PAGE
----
In the early years of recreational skiing no one wore a helmet but the sport of skiing was a very different thing at that time. In those days the equipment was rudimentary and ability levels were low so speeds were very slow on the slopes. Additionally, there were very few people on the limited commercial ski slopes of the time and the snow was generally very soft as there were not enough skiers to pack it down.
As we take a look at the evolution of the use of ski helmets on the slopes we cannot do so without looking at the evolution of the sport of skiing itself. We won’t go all the way back to the first discovered skis in Russia dating somewhere around 6,000 B.C, or even delve too deep into the Norse god Ullr and the goddess Skaöi who were reportedly hunting on skis in approximately 550 B.C. Though it may be of interest that the very word “ski” came from the Old Norse language word skíð meaning “stick of wood” or “cleft of wood”.
Let’s instead jump to the first organized use of skis, this is largely accredited to the Norwegian and Swedish infantries using skis in 1767. The military units trained on skis to cover ground and even practiced shooting while moving on skis.
For recreation, the use of skis was not too far behind, by the early 1800’s people were skiing recreationally and ski clubs began to form by the mid 1800’s. These clubs focused mainly on cross-country skiing and ski jumping, racing was still a ways off. But things started happening fast in 1904 with the first recognized ski race in Bardonecchia, Italy followed the next year by the formation of the U.S. National Ski Association. With the momentum generated by these races and clubs and the advancements in technology, the sport saw a renaissance over the next several decades culminating in the first Winter Olympic Downhill in 1936.
Ski racing suffered its first fatality just two years later in 1938 when Giacinto Sertorelli who had finished 7th in that first Olympic race went off the slopes on the same course in Garmisch. Over the next couple decades racers started wearing cycling helmets but these leather contraptions offered no real protection against the speeds skiers were starting to obtain. Jean Vuarnet won the Olympics in 1960 at Squaw Valley wearing one of these leather helmets.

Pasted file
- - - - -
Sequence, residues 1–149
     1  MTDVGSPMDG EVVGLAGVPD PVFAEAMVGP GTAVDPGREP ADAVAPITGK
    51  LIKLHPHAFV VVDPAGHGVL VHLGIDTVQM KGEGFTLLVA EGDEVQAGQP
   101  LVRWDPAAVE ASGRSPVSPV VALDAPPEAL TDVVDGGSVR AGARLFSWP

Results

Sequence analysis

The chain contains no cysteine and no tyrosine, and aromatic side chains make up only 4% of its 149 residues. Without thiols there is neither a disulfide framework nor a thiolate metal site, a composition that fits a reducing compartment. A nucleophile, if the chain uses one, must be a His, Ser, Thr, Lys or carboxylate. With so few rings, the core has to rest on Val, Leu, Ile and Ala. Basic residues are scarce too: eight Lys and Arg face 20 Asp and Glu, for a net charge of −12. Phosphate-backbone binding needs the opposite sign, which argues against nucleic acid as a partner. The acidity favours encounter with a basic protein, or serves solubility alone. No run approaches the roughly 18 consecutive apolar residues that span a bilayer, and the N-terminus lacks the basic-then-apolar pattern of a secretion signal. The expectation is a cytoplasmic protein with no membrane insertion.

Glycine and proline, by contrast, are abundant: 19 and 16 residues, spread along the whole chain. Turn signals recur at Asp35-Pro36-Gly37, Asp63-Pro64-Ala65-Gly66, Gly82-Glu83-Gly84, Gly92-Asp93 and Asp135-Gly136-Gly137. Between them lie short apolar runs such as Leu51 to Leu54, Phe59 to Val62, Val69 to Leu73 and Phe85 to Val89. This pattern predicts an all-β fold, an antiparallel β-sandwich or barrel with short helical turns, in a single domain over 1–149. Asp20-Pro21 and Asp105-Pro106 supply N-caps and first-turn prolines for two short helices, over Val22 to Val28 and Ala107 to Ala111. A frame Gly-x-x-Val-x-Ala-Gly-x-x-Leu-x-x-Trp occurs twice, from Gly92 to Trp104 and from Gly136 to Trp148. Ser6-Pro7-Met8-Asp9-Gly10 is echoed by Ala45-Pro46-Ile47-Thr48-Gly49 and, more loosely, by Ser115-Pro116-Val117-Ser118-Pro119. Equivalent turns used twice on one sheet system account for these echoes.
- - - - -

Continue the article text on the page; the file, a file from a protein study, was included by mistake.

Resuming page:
It was not until World War II and the development of fiberglass helmets for pilots that recreational helmets for motorcycles and skiing saw any real progress. Shortly after names we know today like Bell started making fiberglass helmets for motorsports but it took them years to make something that offered real protection. Toptex came out with a new style helmet that combined a protective shell with a crushable lining and for the first time there was a helmet that protected the skull from impact and the brain from the rebound and thus helmets entered the modern era. Bell licensed this design and that is how they became the household name in helmets we know today.
The first to use these new helmets from Bell using the Toptex technology were actually a grooming crew at Winter Park ski resort in Colorado. The ski team for the United States had seen the crews wearing these helmets and took them with them to on the 1958 World Cup Tour in Europe. This of course was ridiculed by the European racers until one of the Americans took a fall and hit his head on the ice cracking the helmet. Everyone took notice and started to take the helmets seriously. Not that the racers loved them, they were heavy, big and the wind whistled inside the helmet, but in the 1960 Olympics a Canadian racer fell and hit his head on a rock and died from his injuries. That was it the hard shell helmets were mandatory from that day forward in the downhill. No standards were set so teams all came up with their own helmets which were mostly made by their home country. This gave new companies, some who have made it to this day like Carrera a chance to break into the market.
I started wearing a ski helmet in 1968 for safety reasons as with the gear we had at the time combined with the lack of preparation of the ski runs we were racing on we were crashing all the time. At that time the snow was not groomed like it is today, it was ski packed not groomed with modern machines. My first helmet was a leather helmet with foam baffles built in, I used this style helmet for one year before the Bell Ski Helmet came onto the scene. At this time we were only wearing the helmets in the Downhill Events. The helmets at this time were big and bulky and not comfortable.
With a slew of new designs racers started identifying specific features about the different ones that they liked and disliked. Of course the weight and size and fit were all concerns but it was during this era that metal skis came out. This along with skin suits and full metal edges brought a change in technique with skiers adopting the “tuck” we see to this day. Some of the new helmets interfered with the racers goggles making it hard to see and so accommodating the new goggles became a major concern. Specifically, the new double lens goggles that were not as flexible to the shape of the helmet but yet did offer better vision and more protection in face-plant falls.